RK: Yes, fully accelerated with an open GL driver, we were able to provide an EGLFS port to that hardware. We were also able to provide keyboard driver implementation, mouse implementation in time for the show, so that we had a very compelling demo that raised a lot of eyebrows and brought a lot of people to ask questions about Qt for embedded devices and low powered hardware.
JN: Yes, I’d like to send a shout out to Donald Carr who worked on getting the GL working on it initially which was a great head start for what we wanted to do with it.
MH: And it was a great opportunity that we were able to work with Nokia to get a much fuller implementation of Qt 5 for this board. Its almost like this board was built for Qt.
RK: yes, and Rajeev, who did a lot of this initial work, provided us with a linux distribution that boots in 6 seconds
MH: 6 seconds for Linux? Wow
RK: Yes, all the way up and a very good working environment provided us with the tool kits so it was very easy to ask and accelerated our development time by a large factor.
MH: We have another podcast on Raspberry Pi that you ought to listen to if you’re interested. But be sure to stop by our booth at Dev Days in California and talk to Roland and Justin about Raspberry Pi. So let’s wrap up day 1. So day 1, what we heard first was Marco talking about how Nokia is committed to making Qt on the next billion and were going to have to have to leave it you out there in the community to decide what that next billion was because it’s still ambiguous on what it is. Were going to have to wait a little bit longer. We have Rick Spencer from Canonical saying Qt is the winner on the desktop toolkit wars in linux as far as he is concerned and they are investing heavily. We heard from CNN, which was great, talking about how Qt and what they did, changed the way they even did some of the design in their applications, which was fantastic. Finally we heard Lars from the road back which we all wanted to hear.
So let’s talk a few minutes about sessions that we thought were kind of interesting. We already talked about the Qt contribution process which was day one and there’s another podcast on that, which we invite you to listen to. Why don’t you guys pick a couple of things from what you heard that you found interesting and people should attend.
RK: well something that’s been missing in the puzzle for quite some time is that someone thinks of database implementation for low powered devices again, especially in the phone spectrum. There was a very interesting contribution regarding something called JSon DB by Jamie Hicks.
MH: Hes from Nokia research in Cambridge, down the street from ICS.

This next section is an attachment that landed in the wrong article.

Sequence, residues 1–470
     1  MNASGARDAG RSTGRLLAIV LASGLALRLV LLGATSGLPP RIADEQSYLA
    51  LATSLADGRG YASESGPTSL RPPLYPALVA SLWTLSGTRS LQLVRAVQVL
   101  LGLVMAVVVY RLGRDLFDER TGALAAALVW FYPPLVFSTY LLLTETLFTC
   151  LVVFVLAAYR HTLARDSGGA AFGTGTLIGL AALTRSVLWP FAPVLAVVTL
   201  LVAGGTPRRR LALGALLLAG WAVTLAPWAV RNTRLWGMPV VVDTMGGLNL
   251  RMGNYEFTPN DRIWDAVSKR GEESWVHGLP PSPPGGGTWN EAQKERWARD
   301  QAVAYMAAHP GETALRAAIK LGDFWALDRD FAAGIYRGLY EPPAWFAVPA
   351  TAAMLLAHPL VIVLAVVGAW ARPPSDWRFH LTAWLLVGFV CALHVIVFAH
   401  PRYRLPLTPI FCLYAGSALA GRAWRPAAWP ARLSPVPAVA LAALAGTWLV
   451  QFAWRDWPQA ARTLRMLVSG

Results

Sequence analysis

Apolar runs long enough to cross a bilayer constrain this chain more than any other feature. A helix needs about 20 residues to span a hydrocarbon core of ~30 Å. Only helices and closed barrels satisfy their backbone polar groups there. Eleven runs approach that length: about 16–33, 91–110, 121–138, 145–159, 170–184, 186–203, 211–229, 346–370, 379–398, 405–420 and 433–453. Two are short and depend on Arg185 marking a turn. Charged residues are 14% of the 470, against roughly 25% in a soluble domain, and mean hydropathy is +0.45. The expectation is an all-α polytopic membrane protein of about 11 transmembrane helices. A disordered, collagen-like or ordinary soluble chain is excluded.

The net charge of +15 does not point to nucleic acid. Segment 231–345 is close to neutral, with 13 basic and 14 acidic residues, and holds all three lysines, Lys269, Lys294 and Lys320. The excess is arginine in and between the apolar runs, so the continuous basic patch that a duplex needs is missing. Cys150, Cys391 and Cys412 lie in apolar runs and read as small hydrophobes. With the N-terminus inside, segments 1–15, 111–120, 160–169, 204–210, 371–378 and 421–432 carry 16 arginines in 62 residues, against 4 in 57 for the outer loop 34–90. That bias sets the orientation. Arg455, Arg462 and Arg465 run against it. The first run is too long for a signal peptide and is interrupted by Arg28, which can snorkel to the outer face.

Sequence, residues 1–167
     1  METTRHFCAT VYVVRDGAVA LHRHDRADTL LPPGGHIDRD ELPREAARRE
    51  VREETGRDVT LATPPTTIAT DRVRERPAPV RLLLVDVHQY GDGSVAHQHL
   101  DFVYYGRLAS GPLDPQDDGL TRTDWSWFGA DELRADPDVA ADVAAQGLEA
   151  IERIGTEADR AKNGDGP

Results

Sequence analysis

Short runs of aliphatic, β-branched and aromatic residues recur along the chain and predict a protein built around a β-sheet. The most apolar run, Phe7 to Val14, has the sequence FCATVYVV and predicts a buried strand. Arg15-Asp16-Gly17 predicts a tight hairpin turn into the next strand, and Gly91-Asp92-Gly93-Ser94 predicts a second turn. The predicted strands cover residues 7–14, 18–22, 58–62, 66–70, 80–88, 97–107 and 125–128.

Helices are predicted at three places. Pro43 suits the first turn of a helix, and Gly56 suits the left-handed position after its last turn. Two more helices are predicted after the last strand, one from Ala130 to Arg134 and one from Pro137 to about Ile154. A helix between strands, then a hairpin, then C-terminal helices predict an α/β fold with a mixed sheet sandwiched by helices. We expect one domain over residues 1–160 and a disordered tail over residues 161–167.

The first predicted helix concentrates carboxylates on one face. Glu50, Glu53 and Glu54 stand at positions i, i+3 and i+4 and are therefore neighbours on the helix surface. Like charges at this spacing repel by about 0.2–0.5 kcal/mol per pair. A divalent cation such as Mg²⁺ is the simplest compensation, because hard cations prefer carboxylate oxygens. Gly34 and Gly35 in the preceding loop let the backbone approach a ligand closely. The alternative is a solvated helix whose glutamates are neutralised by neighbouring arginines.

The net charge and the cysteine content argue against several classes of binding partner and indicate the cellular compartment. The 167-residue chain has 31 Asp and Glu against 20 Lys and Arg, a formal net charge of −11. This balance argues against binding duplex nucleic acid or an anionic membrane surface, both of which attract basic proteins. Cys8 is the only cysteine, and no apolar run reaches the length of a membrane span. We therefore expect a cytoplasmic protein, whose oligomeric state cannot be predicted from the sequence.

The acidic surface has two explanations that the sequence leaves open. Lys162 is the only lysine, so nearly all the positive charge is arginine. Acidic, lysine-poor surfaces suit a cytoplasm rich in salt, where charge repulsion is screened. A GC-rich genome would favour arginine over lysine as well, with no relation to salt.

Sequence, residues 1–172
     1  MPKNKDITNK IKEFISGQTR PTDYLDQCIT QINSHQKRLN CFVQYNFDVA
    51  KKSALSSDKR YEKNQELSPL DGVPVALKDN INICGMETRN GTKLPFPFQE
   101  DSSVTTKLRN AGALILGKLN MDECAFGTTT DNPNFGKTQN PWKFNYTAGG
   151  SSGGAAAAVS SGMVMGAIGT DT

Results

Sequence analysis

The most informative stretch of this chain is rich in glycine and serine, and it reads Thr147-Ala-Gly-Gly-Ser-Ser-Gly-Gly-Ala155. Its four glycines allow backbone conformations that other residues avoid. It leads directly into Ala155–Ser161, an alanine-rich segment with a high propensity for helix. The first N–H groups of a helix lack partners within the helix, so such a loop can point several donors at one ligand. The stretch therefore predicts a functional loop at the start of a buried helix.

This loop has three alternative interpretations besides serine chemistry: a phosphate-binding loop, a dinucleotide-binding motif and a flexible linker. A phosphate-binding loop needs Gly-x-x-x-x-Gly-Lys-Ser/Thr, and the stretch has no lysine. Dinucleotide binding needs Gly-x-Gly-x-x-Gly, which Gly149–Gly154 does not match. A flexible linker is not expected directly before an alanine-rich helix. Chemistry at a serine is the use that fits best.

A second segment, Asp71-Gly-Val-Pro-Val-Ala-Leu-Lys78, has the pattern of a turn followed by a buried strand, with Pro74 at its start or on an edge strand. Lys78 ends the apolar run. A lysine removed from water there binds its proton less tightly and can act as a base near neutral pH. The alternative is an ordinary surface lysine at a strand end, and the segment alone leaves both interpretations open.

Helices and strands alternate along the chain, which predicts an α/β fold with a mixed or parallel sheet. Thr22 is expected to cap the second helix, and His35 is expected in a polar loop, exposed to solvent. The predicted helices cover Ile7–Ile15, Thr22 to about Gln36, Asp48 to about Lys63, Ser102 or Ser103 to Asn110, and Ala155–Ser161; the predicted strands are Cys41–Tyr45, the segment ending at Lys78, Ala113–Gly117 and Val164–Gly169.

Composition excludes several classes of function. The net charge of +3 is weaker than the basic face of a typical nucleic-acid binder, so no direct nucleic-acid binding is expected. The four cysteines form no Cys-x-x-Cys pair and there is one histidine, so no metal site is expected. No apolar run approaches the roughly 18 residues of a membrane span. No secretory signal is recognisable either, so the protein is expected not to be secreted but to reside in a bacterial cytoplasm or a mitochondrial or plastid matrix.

RK: indeed! Jamie outlined his current implementation of a database that works with a JSon interface. It’s very attractive for building applications that feed off of web services because we are constantly at this point still reinventing the wheel by writing responses to (Inaudible) in custom JSon code, in custom code that (Inaudible) JSon and this will take that headache away and centralize storage of this, make applications easy and capable of working off line. It’s so very attractive for being implemented on the phone and low powered hardware embedded devices.
JN: Yeah, I was impressed by how far QPA came along which used to be called the Lighthouse Project. It started off as a project a couple of years ago to exercise QWS from the embedded space so you could run embedded either on open GL or Frame Buff or Direct FB without QWS and has since then expanded in scope into becoming a generic platform architecture where you could implement even like an XEB or an Xlive implementation and just plug it in kind of at run time even to Qt to tell me where the graphics go, how keyboard input and mouse and touch input happens. So it’s an encapsulation to a plug in all the information about the physical platform.
RK: Yeah, and it’s really great. We’ve seen quite a few stable implementation of QPA at this point. Namely to Linux wayland, Linux XCB, which is the replacement of the old XLib protocol and then our own contribution to EGLFS plays a role, there is Windows implementation for Microsoft Windows is there and of course MAC OS. So the abstraction model works very well but to quickly bring online additional platforms.
JN: and that’s something available in 4.8. You don’t have to wait for 5.0 to get that huge piece of nice functionality.
MH: Speaking of which, when is 4.8 expected to be delivered? I mean, we’ve traditionally been spoiled by next major releases always at the Dev Days session. Did they talk about delivery?
RK: We will be seeing a 4.8 release really soon now, although a definite release date has not been announced.
JN: For now, you can get along checking out the Betas.
MH: Anything else that was interesting?
JN: Well it was interesting to see all the N9s floating around the conference. There was a whole N9 app clinic that happened upstairs. So if you were interested in studying an app or getting your app worked on, you could actually talk to some of the developers and support staff that work on that project and get your app running fantastically on that flashy new N9.
MH: The other thing that I found the funniest was when a competitor of ICS came up to me and showed me the mapping application and started it up and the default screen (of course cause there is no GPS signal in this building) happened to be the ICS headquarters at 54B Middlesex Turnpike.
JN: Yeah it turns out our access point got registered into one of these WiFi location databases so anybody near our access point looked like they were at our home office in Bedford, MA.